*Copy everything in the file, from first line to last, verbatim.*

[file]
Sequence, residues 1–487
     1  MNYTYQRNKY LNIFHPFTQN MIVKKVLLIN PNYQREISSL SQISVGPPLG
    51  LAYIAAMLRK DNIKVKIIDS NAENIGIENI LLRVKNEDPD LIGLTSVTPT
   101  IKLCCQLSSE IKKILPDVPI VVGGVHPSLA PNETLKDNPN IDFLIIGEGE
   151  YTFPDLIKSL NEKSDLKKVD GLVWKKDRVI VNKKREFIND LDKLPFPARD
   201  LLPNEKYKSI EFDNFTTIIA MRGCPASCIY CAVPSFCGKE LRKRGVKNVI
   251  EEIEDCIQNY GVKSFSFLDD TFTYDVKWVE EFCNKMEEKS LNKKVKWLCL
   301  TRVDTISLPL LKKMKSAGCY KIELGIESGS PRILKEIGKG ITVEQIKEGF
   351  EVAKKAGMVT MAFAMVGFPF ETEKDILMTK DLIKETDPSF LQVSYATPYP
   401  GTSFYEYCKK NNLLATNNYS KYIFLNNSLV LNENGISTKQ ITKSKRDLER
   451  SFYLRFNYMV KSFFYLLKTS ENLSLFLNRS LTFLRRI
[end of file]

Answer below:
Sequence, residues 1–487
     1  MNYTYQRNKY LNIFHPFTQN MIVKKVLLIN PNYQREISSL SQISVGPPLG
    51  LAYIAAMLRK DNIKVKIIDS NAENIGIENI LLRVKNEDPD LIGLTSVTPT
   101  IKLCCQLSSE IKKILPDVPI VVGGVHPSLA PNETLKDNPN IDFLIIGEGE
   151  YTFPDLIKSL NEKSDLKKVD GLVWKKDRVI VNKKREFIND LDKLPFPARD
   201  LLPNEKYKSI EFDNFTTIIA MRGCPASCIY CAVPSFCGKE LRKRGVKNVI
   251  EEIEDCIQNY GVKSFSFLDD TFTYDVKWVE EFCNKMEEKS LNKKVKWLCL
   301  TRVDTISLPL LKKMKSAGCY KIELGIESGS PRILKEIGKG ITVEQIKEGF
   351  EVAKKAGMVT MAFAMVGFPF ETEKDILMTK DLIKETDPSF LQVSYATPYP
   401  GTSFYEYCKK NNLLATNNYS KYIFLNNSLV LNENGISTKQ ITKSKRDLER
   451  SFYLRFNYMV KSFFYLLKTS ENLSLFLNRS LTFLRRI